Too big to fail? How about too cosy to deserve taxpayers' money?
This election year, I would like to see banking competition finally addressed. Lending is too heavily concentrated in the hands of the four majors, which are ''too big to fail'' and underwritten by taxpayers.
In 2012, the International Monetary Fund arrived at two key conclusions: Australia has one of the most concentrated banking systems in the world, and the banking oligopoly is a raw deal for taxpayers.
''Australia's financial sector faces a unique set of risks,'' the IMF said. ''Its banking sector is concentrated, dominated by four large banks, and their broadly similar business models and reliance on offshore funding leave them exposed to common shocks and disruptions to funding markets.''
I've consistently questioned the idea that we are better off with four mega-banks that can never be allowed to fail than with a higher number of mid-sized banks. The majors are now among the world's 20 largest banks. This means Commonwealth Bank, with a market capitalisation of $100 billion, is bigger than McDonald's and American Express.
While bank funding costs have plummeted during the past six months, the majors did not fully pass on the RBA's past two rate cuts to borrowers.
If you had an online bank deposit or standard savings account, your rates were slashed by as much, if not more than, the RBA's cuts. That's called margin expansion.
The IMF found the majors benefit from implicit taxpayer insurance, whereby they can raise money more cheaply than smaller competitors because investors assume the government will be there to bail them out if they get into strife.
The majors should hold extra capital to lower the risk that taxpayer guarantees would be called upon, it said.
The global regulator of bank regulators, the Basel Committee, has one solution to increase competition. It recommends that banks hold more high-quality assets that can be pledged or sold in exchange for money during a funding crisis. These assets include government bonds and AAA-rated ''asset-backed'' bonds. Most asset-backed bonds are simply portfolios made of billions of dollars in home loans.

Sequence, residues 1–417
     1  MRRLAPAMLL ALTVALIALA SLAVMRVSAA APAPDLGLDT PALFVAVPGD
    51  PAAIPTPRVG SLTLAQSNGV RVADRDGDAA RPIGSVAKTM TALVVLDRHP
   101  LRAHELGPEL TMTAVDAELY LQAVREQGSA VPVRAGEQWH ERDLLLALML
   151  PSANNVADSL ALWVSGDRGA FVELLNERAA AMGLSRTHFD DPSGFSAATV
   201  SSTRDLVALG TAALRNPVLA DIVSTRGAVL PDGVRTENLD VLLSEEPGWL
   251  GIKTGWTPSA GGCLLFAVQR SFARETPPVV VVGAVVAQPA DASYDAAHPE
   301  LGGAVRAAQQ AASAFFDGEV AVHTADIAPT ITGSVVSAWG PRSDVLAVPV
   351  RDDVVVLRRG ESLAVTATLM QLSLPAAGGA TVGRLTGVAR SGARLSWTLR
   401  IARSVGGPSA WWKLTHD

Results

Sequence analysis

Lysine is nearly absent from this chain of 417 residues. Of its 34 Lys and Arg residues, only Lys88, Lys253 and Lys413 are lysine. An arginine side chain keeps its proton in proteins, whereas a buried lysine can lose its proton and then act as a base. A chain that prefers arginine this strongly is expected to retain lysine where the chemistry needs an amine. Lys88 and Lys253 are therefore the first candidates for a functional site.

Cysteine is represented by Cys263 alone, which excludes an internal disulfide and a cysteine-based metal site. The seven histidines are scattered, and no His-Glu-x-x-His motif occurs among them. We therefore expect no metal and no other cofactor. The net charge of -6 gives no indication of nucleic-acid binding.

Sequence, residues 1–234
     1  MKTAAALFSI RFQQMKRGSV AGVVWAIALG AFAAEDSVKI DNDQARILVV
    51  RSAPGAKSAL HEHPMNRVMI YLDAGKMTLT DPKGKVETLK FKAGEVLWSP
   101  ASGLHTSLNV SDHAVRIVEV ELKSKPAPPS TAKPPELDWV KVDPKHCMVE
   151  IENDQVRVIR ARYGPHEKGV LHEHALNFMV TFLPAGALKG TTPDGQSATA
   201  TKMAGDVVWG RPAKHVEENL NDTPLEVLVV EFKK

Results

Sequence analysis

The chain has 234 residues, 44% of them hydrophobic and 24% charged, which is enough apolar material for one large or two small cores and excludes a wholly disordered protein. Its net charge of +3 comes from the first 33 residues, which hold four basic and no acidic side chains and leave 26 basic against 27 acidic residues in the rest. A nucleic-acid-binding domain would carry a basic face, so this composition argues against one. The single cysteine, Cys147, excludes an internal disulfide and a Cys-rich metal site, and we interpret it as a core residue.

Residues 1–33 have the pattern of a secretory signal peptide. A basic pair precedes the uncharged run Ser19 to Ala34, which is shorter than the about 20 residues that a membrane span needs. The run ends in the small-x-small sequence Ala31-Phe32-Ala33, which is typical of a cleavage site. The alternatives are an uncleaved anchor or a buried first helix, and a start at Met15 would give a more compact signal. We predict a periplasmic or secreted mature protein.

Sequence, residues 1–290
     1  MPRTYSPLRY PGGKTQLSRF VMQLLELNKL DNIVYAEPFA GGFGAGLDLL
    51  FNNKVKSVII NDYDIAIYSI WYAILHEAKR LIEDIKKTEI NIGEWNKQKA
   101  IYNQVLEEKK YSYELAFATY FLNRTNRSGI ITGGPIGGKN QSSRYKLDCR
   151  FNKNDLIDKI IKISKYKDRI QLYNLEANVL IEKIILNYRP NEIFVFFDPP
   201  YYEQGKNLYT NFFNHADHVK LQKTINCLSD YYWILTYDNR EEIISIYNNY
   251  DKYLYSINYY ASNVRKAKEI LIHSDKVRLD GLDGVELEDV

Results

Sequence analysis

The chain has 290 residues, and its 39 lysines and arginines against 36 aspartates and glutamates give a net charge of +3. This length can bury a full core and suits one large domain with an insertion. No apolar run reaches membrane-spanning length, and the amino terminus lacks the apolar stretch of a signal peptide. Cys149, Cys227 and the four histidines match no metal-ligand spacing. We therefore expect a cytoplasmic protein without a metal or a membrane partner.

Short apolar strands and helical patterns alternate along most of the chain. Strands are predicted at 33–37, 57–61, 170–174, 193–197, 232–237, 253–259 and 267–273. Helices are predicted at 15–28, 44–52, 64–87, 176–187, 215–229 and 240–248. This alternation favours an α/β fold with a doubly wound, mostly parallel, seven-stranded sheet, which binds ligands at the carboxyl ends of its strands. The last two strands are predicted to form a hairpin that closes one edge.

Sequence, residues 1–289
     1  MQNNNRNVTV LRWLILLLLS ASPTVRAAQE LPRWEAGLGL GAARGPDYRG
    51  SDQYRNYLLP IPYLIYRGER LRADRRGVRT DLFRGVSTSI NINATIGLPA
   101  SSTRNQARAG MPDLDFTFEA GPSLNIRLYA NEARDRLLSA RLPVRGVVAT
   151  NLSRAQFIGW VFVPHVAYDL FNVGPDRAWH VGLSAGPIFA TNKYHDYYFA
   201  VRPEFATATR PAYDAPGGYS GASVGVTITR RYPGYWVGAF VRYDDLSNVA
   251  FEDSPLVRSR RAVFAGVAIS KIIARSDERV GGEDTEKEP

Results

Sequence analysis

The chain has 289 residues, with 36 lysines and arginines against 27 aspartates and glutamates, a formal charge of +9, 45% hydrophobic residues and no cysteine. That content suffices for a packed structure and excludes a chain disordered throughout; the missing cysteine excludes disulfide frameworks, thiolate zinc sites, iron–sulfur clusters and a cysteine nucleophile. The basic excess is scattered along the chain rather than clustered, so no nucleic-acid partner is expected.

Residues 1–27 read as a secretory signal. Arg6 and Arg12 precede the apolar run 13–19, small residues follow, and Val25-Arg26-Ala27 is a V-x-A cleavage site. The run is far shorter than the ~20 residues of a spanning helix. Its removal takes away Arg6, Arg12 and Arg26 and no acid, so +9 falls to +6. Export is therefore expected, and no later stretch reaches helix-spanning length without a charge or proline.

Smaller players such as Bank of Queensland sell asset-backed bonds to raise new money to compete with the majors.
The attraction is that the price of the bond is generally the same for everybody and depends primarily on the quality of the loans.
If all banks are allowed to hold these bonds as part of a liquid assets portfolio, demand and activity for them will increase. This will improve the cost and accessibility of this funding source.
I hope Australian regulators embrace these recommendations.
So far, however, they have championed the principle that banks should borrow directly from taxpayers when they need cash.
This strikes me as odd: taxpayer bailouts should be our last line of defence. It is also surprising because the assets that secure taxpayer loans are the same ones used in asset-backed bonds!
What do you think? Talk to me on Twitter at @markbouris
Mark Bouris is chairman of financial services group Yellow Brick Road.